And does diversity training actually work?
The U.S. is becoming more diverse by the day, but are workplaces? Women and people of color are still sorely underrepresented in leadership positions. And many workplaces are still astonishingly homogenous—especially at the executive level.
It shows in the data. Human resources consulting firm Mercer found that while whites represented 64% of entry-level workers in the U.S., they made up 85% of top executive positions. And women and minorities continue to make less than their white male colleagues, according to the Economic Policy Institute.
The good news is that many organizations are making diversity and inclusion central goals. They’re hiring diversity officers, conducting diversity training, and making workspaces more inclusive.
A diverse workforce is more likely to understand customers’ needs and brainstorm creative solutions to fulfill them. Diversity in the workplace also tends to improve employee morale, reduce employee turnover, and boost people’s desire to collaborate. This is a win for both businesses and workers.
But thinking you can mandate diversity training and expect instant harmony is fantasy.
If you really want to change your workplace for the better, you need to commit—really commit—to creating an atmosphere of inclusivity. And that requires adopting the right approach.
Outright hostility may no longer be tolerated in most workplaces, but microaggressions can fly under the radar. And it’s precisely these kinds of I-didn’t-mean-anything-by-that moments that can create a hostile working environment. It’s no wonder reports of racial discrimination at work are still incredibly common.
What Is Diversity Training?
The purpose of diversity training is—or should be—to stamp out discrimination and prejudice within an organization.
It’s not about asking employees to simply “tolerate” each other. It’s about helping them see the value in embracing differences and considering others’ perspectives and opinions, regardless of race, sexual orientation, ethnicity, gender, and so on.
Here are some of the purported benefits of diversity training:
When done right, diversity training helps employees become more aware of how implicit/unconscious biases (hidden attitudes based on social stereotypes) impact the way we relate to others. With this information they can start to identify how it shows up in real-world situations.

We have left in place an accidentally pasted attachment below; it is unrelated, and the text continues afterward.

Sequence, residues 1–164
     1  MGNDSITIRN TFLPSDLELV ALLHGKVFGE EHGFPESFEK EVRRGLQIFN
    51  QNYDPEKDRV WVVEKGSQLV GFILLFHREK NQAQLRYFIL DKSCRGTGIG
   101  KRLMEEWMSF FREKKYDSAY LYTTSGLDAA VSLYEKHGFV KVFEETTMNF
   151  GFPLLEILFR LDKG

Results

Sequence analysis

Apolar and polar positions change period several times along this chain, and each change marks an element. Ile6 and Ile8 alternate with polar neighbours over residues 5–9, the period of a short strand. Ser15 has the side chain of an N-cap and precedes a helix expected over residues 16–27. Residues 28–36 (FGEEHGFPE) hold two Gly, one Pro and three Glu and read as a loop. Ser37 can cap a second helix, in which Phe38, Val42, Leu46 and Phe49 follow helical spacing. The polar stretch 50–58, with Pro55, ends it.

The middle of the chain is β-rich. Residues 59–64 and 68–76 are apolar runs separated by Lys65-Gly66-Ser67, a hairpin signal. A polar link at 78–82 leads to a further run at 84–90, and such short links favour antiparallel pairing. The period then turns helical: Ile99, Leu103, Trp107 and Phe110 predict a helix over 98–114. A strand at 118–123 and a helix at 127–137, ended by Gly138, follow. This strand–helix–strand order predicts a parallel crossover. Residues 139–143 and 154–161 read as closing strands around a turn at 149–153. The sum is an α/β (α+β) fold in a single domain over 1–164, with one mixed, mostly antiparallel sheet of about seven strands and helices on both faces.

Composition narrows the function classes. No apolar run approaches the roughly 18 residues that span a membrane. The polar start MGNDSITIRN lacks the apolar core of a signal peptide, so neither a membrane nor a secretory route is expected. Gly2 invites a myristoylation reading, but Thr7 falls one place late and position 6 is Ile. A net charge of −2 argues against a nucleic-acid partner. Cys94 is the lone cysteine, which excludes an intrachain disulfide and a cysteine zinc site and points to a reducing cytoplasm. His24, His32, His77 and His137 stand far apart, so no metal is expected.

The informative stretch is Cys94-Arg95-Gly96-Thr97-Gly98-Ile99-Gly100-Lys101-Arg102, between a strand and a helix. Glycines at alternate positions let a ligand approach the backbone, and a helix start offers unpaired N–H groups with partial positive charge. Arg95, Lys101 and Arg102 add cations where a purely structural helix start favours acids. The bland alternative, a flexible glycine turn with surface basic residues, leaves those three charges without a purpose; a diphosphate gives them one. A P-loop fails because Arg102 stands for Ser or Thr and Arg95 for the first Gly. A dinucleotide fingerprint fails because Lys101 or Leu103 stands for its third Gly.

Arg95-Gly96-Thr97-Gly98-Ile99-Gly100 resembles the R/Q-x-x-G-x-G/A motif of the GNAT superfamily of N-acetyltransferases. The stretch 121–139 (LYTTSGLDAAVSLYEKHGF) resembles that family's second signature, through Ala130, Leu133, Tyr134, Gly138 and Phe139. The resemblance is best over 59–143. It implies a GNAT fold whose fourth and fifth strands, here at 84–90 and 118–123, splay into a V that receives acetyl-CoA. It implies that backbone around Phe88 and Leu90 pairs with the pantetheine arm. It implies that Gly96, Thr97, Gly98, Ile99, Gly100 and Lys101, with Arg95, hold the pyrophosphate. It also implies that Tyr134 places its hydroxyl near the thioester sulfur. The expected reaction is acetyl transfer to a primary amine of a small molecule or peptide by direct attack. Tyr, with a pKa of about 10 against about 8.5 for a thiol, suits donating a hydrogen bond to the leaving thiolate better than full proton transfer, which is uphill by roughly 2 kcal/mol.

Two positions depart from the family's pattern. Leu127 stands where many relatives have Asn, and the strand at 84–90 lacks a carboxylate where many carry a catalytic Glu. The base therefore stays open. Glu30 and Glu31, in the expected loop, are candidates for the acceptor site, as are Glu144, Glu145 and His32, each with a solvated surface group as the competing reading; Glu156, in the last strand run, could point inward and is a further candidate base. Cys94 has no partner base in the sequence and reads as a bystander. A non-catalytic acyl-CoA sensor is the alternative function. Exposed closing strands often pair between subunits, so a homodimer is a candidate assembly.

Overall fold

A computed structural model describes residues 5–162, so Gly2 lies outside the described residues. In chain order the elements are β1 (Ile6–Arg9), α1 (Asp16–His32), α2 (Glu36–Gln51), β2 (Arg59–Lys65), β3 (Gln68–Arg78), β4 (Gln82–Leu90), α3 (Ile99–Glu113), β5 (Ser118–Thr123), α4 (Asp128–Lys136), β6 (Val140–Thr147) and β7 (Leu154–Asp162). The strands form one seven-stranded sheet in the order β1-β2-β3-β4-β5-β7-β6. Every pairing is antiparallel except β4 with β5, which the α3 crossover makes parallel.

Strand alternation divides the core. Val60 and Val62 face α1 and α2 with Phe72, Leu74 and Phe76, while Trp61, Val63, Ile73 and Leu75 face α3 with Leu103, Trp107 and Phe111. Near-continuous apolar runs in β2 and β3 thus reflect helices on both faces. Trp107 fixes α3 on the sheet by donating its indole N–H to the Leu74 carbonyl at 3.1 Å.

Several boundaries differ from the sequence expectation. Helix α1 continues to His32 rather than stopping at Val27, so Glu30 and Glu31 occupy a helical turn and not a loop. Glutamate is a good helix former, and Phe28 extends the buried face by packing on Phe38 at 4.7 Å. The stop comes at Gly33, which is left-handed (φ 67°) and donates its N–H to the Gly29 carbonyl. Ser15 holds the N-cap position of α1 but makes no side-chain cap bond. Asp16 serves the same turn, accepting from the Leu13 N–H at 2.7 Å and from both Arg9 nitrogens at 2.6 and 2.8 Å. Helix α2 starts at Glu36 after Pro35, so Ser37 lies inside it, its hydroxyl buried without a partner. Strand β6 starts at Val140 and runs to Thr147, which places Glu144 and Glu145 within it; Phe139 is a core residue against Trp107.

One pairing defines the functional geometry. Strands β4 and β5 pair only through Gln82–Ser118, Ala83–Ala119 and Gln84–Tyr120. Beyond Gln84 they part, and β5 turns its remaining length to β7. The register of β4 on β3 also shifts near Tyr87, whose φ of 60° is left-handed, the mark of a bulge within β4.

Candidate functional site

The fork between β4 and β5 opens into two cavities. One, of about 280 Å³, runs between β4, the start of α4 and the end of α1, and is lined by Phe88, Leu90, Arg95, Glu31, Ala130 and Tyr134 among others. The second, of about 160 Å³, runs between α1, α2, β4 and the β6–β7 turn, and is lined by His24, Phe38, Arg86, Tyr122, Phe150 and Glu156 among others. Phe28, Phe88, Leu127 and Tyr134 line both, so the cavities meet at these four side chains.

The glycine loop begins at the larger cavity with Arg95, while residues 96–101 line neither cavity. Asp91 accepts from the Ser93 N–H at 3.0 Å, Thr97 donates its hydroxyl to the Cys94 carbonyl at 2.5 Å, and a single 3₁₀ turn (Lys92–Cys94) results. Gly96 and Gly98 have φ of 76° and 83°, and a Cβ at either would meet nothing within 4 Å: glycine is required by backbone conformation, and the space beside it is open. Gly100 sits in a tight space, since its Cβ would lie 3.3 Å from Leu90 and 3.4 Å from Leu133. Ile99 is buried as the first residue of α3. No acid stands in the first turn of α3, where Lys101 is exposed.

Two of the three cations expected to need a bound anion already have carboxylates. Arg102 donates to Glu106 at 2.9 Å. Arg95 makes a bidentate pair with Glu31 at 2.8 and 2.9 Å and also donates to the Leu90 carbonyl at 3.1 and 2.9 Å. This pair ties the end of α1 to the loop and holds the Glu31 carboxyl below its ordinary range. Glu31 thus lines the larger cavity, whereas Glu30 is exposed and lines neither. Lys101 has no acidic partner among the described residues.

Makes space for different perspectives and innovation
A good diversity training program will help employees see the value of collaborating with people of different races, cultural backgrounds, genders, sexual orientations, and beliefs. Diverse teams bring a broad range of perspectives to the table, and these perspectives inform solutions to problems. Research shows that inclusive companies are nearly two times as likely to be innovation leaders in their market.
When people are encouraged to consider others’ feelings and perspectives, they’re more likely to think about how their actions could offend or harm others. This awareness can help prevent discrimination and harassment.
But Does Diversity Training Actually Work?
You’d be forgiven for wondering whether diversity training programs are just another shallow attempt for businesses to appear woke—especially after all the performative allyship that went on in response to last year’s racial justice protests.
The question is, does diversity training actually work? The answer according to researchers from Harvard and Tel Aviv University is: Not the way most businesses do it today.
Diversity programs that police the thoughts and actions of managers and other personnel can make things worse—especially when diversity and inclusion training is used as a thinly veiled attempt to prevent lawsuits.
People don’t like to be told how to think or what to do—for examples of this, look no further than the backlash to mask mandates and lockdowns in the COVID era.
What Actually Works
According to the Harvard sociologists, the problem is that organizations are trying to reduce bias with the same kinds of programs they’ve been using since the 1960s. The tools these programs use, such as hiring tests, performance ratings, and—notably—diversity training, tend to make things worse, not better.
The researchers analyzed data collected over several decades by more than 800 organizations. What they found is that “force-feeding” information can activate bias rather than stamp it out—a reaction that has been confirmed in lab studies.
It’s common for people to react to compulsory diversity training courses with anger and resistance. Some end up feeling even more animosity toward other groups.
Voluntary training, on the other hand, tends to produce the opposite response. Companies that implemented voluntary diversity training programs showed a 9% to 13% increase in Black men, Hispanic men, and Asian-American men and women in management five years out (with no declines in white and Black women in management).
The researchers concluded that solutions that don’t focus on control are more successful. They recommend diversity programs that:
Engage managers in solving problems rather than simply forcing compulsory diversity training
Increase contact with female and minority workers
Promote social accountability, playing on the desires of people to appear fair-minded
Forcing people to go to diversity training with threats of punishment almost always backfires, making organizations less diverse in the long run.
The lesson here is this: If you’re a business owner with a strong sense of social responsibility who genuinely wants a diverse team from all walks of life, invest the time and resources to find a diversity program based on the best social science available—not simply one with a catchy marketing pitch.
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